# Trig to algrebraic translation of a particular equation

I solved a partial derivative problem and have the correct answer but the book I am using, Courant's Differential and Integral Calculus, has the answer in algebraic rather than trigonometric form. I never really worked on learning the translation of trig equations to algebraic form (except in the most basic cases). Anyway, my answer is in the form:

$$\frac{\sec^2(\arctan(x)+\arctan(y))}{(x^2+1)}$$

Courant has:

$$\frac{1+y^2}{(1-xy)^2}$$

I'd appreciate if someone could show me the translation presumably using right triangles and also perhaps suggest a good book or resource to work out similar problems. I need to bone up on this aspect of trig.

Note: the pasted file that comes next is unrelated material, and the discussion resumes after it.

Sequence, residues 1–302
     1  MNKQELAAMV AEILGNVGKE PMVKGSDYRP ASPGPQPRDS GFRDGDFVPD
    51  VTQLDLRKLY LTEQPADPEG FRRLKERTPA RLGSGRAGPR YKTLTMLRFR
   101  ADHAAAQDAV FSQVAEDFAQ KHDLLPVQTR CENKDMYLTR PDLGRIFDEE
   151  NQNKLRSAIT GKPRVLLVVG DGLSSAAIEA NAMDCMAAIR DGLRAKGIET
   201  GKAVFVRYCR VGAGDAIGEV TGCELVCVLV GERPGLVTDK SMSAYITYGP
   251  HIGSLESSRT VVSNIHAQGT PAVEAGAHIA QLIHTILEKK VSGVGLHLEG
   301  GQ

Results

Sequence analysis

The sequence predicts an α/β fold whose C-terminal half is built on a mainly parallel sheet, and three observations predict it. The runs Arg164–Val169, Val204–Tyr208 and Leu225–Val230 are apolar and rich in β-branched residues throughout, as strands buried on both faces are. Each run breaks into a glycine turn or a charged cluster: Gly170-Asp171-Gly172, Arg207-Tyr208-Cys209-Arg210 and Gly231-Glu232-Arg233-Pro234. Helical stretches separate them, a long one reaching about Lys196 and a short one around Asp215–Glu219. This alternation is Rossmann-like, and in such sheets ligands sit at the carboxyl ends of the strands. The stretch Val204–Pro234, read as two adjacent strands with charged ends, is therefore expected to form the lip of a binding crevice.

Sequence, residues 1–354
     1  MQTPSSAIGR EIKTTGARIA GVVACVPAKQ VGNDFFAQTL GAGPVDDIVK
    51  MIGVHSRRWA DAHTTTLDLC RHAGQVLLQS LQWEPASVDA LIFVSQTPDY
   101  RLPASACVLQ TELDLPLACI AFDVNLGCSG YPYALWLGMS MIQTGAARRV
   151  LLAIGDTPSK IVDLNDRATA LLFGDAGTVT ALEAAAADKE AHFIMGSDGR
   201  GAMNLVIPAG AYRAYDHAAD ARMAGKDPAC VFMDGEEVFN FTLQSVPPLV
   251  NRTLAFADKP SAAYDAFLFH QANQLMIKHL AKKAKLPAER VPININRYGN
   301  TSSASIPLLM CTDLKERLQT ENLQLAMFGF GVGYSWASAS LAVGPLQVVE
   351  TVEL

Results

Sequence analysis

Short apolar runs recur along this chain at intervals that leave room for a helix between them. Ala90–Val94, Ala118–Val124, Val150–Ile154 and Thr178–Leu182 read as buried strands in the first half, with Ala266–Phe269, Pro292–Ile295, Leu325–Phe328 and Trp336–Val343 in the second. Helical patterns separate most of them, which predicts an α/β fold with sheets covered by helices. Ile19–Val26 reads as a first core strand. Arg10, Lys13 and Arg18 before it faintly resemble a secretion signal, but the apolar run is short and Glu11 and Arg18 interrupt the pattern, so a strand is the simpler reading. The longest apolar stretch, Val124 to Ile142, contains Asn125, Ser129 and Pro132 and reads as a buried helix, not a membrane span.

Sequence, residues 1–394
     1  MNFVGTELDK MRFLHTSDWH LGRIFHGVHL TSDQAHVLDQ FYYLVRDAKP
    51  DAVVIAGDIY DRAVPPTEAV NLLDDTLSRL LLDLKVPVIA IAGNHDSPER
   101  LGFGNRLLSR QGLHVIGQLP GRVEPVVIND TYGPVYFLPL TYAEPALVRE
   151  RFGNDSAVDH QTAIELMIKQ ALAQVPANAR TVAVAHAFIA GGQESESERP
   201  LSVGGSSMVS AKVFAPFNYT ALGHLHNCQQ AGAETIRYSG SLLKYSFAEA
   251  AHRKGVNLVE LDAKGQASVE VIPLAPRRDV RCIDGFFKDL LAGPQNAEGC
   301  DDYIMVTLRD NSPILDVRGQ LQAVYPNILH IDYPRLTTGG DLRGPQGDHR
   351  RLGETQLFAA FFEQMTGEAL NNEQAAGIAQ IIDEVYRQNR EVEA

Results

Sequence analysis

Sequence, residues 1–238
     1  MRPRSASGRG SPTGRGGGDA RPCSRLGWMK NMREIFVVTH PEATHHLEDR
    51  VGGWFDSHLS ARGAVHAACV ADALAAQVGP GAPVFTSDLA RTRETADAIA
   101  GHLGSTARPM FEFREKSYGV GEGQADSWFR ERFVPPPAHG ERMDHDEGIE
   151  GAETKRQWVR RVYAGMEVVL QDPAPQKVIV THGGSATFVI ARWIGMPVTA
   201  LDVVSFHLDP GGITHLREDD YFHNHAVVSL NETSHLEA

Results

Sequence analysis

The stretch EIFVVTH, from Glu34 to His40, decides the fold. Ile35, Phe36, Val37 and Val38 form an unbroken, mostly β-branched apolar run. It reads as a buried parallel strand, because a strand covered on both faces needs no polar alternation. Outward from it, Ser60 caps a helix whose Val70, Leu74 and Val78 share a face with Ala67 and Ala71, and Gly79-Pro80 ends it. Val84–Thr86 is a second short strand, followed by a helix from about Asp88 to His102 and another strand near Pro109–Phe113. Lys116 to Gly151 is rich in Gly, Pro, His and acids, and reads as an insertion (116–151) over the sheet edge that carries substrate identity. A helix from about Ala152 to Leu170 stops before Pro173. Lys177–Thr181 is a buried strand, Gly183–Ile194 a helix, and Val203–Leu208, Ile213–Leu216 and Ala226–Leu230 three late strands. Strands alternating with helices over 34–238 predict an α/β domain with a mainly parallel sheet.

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$\displaystyle\frac{\sec^2(\arctan(x)+\arctan(y))}{(x^2+1)}=\frac{\sec^2(\arctan(\frac{x+y}{1-xy}))}{(x^2+1)}=\frac{1+\tan^2(\arctan(\frac{x+y}{1-xy}))}{1+x^2}=\frac{1+(\frac{x+y}{1-xy})^2}{1+x^2}=\frac{y^2+1}{(1-xy)^2}$

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Thanks Abhra, very nice, appreciate it. There are quite a few things going on in this answer that I wish I knew the identities for. Even the first step in your transformation I am embarrassed to say I don't know. The remaining steps I fully understand. Any suggestions on a good resource that I could study? –  Joe Feb 10 '13 at 7:37
I guess I should rephrase my comment: What is the identity or property of arctan(x) + arctan(y) that allows it to be transformed to arctan((x+y)/(1-xy))? I don't know that one. –  Joe Feb 10 '13 at 7:50
Well, I see from Wikipedia it is a standard arctan addition identity I didn't know. Shame on me. I really need to memorize more identities. Thanks again. –  Joe Feb 10 '13 at 8:01
Joe, it's the arctan version of the identity $\tan(a+b)=(\tan a+\tan b)/(1-\tan a\tan b)$. –  Gerry Myerson Feb 10 '13 at 9:22